Prioritize the key interaction screen to set a solid foundation for your product’s future.
You got out of the building. You talked to your prospective customers. Finally, you’ve built and field tested your first prototype. It’s a little clunky and rough around the edges but it did its job: you now have a decent idea of what people in your target market care about. It’s time to design your product’s next iteration, the minimum viable product (MVP). Where do you start?
In general, I always recommend startups I work with to begin with the key interaction screen and walk backwards from there.
The key interaction screen is where the magic happens. It’s where your users snap a pic and apply that cool filter effect. It’s where they chat with their friends and turn into animated puppies at a tap of a button. It’s where they try on a virtual pair of kicks when they shop for a new outfit online. The key interaction screen is the reason why they are using your app in the first place.
Starting your design process with the key interaction screen, to the exclusion of everything else, gives you free reign to work on the most consequential, the most fundamental part of the product. To explore even the most radical ideas. To make as few compromises as possible. To turn the key interaction screen into the killer feature it was meant to be.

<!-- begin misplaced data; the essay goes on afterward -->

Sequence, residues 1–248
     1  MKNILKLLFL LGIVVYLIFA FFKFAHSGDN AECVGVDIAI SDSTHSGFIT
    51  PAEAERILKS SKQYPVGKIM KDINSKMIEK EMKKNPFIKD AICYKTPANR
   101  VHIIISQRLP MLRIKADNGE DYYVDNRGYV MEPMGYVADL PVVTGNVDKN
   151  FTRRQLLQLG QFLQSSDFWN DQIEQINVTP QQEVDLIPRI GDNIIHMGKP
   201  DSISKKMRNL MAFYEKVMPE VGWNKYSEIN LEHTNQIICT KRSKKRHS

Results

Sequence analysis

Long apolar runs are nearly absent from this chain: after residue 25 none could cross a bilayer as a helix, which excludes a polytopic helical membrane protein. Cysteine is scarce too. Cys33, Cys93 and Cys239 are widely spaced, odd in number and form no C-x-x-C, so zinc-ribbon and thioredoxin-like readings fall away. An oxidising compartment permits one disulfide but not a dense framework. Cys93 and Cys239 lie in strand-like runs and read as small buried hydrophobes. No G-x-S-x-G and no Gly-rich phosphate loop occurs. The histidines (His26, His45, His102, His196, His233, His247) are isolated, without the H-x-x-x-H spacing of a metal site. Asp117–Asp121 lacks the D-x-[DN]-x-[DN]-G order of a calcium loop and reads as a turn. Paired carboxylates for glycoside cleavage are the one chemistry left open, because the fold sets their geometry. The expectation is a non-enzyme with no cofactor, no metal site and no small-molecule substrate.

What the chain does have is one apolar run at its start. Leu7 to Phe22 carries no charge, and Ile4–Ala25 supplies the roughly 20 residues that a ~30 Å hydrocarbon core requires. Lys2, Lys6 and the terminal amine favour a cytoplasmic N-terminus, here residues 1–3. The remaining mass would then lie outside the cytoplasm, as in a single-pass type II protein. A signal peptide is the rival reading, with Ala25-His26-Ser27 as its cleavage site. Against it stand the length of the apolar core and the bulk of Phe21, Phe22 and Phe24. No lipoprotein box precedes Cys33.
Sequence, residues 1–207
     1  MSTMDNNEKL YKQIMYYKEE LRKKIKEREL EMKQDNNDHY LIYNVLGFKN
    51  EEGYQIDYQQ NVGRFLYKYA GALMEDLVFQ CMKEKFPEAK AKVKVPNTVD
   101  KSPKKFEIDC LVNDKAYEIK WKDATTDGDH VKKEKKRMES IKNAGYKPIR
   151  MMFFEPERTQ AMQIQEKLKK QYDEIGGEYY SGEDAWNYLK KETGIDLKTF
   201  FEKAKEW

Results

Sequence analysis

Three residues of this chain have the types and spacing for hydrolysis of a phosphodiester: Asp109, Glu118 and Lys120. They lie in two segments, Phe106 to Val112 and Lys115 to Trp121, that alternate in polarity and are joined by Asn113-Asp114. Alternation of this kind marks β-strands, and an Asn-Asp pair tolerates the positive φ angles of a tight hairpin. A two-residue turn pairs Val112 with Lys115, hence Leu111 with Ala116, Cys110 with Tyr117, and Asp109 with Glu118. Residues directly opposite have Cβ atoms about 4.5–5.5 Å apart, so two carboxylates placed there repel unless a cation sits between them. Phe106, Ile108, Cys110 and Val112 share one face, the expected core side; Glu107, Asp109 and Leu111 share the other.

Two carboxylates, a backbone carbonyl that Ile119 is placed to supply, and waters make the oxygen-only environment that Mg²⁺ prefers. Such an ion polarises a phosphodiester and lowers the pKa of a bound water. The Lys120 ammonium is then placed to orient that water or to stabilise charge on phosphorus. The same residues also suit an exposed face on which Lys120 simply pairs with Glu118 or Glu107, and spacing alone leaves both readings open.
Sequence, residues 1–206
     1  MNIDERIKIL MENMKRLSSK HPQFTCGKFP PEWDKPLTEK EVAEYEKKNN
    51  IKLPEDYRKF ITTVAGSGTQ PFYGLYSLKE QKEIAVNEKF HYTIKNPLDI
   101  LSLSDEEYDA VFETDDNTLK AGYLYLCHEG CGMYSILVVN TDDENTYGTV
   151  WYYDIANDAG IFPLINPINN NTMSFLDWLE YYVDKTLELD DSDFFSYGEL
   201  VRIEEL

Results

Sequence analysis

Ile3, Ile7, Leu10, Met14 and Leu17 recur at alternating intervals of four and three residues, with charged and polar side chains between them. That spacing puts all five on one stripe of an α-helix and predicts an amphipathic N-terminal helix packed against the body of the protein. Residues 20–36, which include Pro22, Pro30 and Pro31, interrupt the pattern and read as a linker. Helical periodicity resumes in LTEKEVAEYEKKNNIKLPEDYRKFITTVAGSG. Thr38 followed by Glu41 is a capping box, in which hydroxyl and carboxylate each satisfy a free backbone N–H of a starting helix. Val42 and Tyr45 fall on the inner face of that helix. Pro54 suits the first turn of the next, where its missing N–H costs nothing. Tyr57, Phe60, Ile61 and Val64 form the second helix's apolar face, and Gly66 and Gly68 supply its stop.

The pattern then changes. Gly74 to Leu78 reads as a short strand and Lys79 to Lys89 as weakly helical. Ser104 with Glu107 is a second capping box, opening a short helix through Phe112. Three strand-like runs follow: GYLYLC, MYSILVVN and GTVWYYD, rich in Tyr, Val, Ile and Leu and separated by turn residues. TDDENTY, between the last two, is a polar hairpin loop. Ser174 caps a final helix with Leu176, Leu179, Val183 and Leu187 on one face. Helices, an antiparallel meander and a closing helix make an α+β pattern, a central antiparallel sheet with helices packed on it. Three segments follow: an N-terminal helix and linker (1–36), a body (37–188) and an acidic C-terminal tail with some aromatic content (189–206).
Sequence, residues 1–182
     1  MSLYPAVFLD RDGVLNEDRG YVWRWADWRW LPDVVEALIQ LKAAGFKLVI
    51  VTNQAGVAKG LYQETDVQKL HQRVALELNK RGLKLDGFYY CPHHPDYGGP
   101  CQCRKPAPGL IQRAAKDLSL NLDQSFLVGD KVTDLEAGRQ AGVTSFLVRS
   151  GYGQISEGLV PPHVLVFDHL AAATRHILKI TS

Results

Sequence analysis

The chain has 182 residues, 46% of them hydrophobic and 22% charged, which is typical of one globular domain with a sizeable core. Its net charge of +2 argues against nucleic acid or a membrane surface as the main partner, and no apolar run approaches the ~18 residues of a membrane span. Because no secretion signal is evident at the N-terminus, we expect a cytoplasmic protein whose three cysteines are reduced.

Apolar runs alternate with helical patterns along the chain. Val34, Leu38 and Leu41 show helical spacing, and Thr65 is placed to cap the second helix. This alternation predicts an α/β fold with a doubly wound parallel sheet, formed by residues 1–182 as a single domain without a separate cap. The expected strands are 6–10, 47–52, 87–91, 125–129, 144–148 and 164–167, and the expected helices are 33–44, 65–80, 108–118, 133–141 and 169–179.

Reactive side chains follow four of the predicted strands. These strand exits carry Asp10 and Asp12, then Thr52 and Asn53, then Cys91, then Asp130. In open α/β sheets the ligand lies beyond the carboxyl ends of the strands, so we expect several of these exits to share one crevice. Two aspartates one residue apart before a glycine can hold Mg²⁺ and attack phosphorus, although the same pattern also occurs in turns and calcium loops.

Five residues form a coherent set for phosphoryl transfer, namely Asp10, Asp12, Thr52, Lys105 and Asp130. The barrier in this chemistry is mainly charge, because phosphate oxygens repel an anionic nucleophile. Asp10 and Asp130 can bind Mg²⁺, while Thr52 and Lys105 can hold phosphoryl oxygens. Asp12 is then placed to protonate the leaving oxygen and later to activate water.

Focusing on the key interaction screen alone is not enough, of course. When designing any product you have to take a holistic approach. It’s the user experience as a whole that counts, not just its individual parts.
So once you have your key interaction screen in place you work your way down to the remaining parts of the product. You design the camera roll screen for your camera app, the chat list for your messaging app, the product feed for your e-commerce store. All the basics you ought to have, but more of a supporting cast than the stars of the show.
As your key interaction screen solidifies, though, it will set the stage for any such auxiliary considerations, informing the design of the product as a whole. Crucially, it will enable you to align all the secondary features around the single purpose of directly supporting the key interaction screen. Not the other way around.
There is no single, correct framework for designing an MVP. What will be enough in one situation won’t necessary be enough in another. But regardless of the particular situation you are in, identifying and then prioritizing the key interaction screen in your design process will set a solid foundation for the future work to come. Start there.